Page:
U.S. District Court Judge Charles Breyer imposed the sentence Nov. 7. It includes a $125,000 fine and three years of probation following the prison term for the former owner of California Liquid Fertilizer.
For the first six months of that probation, Peter Townsley, 50, must live in a halfway house and perform 1,000 hours of public service in organic agriculture, preferably with community organic farming projects, the judge said.
The U.S. Attorney’s office in San Francisco had requested a 46-month sentence with three years’ probation and a $125,000 fine.
A federal probation officer recommended a one-year sentence based on interviews with Townsley and information presented in the case. The maximum sentence possible was 40 years in prison and up to $500,000 in fines.
“It’s important that Townsley got a fairly stiff sentence,” said Will Daniels, senior vice president of operations and organic integrity at San Juan Batista, Calif.-based Earthbound Farm, one of the victims of the fertilizer fraud.
“It should serve as a clear warning to those who would violate the regulations that organic integrity is strong and that justice will be served on perpetrators of organic fraud.”
Townsley admitted to mail fraud earlier this year in relation to the case.
In a plea agreement, Townsley admitted to knowingly changing the formula for his fertilizer and mailing annual statements to the Organic Materials Review Institute (OMRI) that said Biolizer XN met requirements for use in certified organic operations.
He said he knowingly sold the non-compliant fertilizer from April 2000 through December 2006, receiving gross revenue from it of between $6.5 million and $6.9 million.
Before imposing the sentence, Judge Breyer received comments from several interested parties, including Earthbound Farm; Tanimura & Antle, Salinas, Calif.; Miles McEvoy, deputy administrator of the National Organic Program; the California Department of Food and Agriculture; fertilizer company Advanced Marine Technologies, New Bedford, Mass.; and Peggy Miars, executive director of OMRI.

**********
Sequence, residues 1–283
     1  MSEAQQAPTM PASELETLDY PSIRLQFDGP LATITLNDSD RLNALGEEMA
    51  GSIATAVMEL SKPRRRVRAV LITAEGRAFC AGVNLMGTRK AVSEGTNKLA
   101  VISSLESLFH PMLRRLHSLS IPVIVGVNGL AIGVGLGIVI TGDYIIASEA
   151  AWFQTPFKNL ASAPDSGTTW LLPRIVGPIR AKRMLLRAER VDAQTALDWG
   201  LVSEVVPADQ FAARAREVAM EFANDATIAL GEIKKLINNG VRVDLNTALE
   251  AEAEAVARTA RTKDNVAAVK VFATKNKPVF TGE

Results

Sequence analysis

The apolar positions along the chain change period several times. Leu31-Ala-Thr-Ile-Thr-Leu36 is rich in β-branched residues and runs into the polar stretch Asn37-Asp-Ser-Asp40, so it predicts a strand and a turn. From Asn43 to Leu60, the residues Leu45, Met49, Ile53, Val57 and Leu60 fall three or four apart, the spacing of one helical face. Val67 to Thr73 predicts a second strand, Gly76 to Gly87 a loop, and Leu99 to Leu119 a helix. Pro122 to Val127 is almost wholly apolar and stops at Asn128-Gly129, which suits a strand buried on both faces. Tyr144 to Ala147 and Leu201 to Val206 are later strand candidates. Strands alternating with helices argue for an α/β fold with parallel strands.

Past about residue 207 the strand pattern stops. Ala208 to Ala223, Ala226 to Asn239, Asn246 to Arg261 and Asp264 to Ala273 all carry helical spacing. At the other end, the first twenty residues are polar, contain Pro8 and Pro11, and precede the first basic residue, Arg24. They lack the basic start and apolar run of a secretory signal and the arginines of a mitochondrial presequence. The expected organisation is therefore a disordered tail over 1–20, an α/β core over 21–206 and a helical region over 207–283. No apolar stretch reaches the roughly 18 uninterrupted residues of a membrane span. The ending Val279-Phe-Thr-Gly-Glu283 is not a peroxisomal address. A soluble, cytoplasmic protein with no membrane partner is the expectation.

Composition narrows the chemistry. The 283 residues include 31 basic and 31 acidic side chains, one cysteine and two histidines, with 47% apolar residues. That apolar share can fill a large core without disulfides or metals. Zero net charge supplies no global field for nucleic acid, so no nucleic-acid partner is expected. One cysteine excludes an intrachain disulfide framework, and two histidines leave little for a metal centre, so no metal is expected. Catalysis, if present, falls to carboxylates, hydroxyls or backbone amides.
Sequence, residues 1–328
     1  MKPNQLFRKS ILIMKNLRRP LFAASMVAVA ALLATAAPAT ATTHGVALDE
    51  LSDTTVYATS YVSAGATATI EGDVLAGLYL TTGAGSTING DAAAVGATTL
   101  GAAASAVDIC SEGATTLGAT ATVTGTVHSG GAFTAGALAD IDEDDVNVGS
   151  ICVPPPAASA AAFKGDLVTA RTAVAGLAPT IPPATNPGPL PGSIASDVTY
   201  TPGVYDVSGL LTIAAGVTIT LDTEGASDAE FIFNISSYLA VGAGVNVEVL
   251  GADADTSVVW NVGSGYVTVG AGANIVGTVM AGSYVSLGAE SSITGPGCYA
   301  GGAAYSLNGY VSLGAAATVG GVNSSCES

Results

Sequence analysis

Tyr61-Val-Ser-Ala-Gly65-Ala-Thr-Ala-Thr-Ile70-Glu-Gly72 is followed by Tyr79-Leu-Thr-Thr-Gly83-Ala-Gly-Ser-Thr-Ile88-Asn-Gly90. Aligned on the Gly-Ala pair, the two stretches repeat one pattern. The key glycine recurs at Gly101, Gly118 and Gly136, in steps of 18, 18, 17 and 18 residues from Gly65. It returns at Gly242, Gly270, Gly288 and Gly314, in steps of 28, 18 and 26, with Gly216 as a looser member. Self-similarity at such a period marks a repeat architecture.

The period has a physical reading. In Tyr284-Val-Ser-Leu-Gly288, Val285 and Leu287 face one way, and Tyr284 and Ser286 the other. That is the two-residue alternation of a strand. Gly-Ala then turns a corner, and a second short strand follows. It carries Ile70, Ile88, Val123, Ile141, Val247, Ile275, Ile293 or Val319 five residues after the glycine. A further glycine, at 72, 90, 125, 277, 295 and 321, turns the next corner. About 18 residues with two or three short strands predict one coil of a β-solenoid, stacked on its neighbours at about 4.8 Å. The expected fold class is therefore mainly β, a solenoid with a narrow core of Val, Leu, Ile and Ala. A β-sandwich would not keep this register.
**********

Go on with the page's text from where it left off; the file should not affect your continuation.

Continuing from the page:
All of the comments stressed the ripple effect Townsley’s actions had on the organic industry because it raised doubts among consumers and undermined the public trust in the U.S. Department of Agriculture’s organic certification program.
The California Department of Food and Agriculture officials told the judge in their comments that Townsley’s scheme resulted in additional regulations in the state that annually cost the organic industry $400,000 in increased fees and testing.
In its request for a 46-month sentence, the U.S. Attorney’s office said that Townsley not only intentionally perpetrated the fraud, but that he continued to do so while ducking investigators. He further showed a lack of remorse by “backing away from what he admitted in the plea agreement” when he was interviewed by the federal probation officer, according to court documents.
“At any time, Townsley could have made the right choice and stopped selling Biolizer XN, but it is clear that he was motivated by one thing — greed,” the U.S. Attorney’s office said in its sentence recommendation.
The judge noted in an order related to the calculation of losses of victims in the case that “(the) defendant spends much of his briefing running away from his plea and the facts and evidence as presented in this case.”
Townsley submitted numerous letters from friends and family, including his elderly and ailing parents, which described him as law-abiding and remorseful. Townsley also said state and federal governments were partially to blame because they failed to effectively enforce organic certification regulations.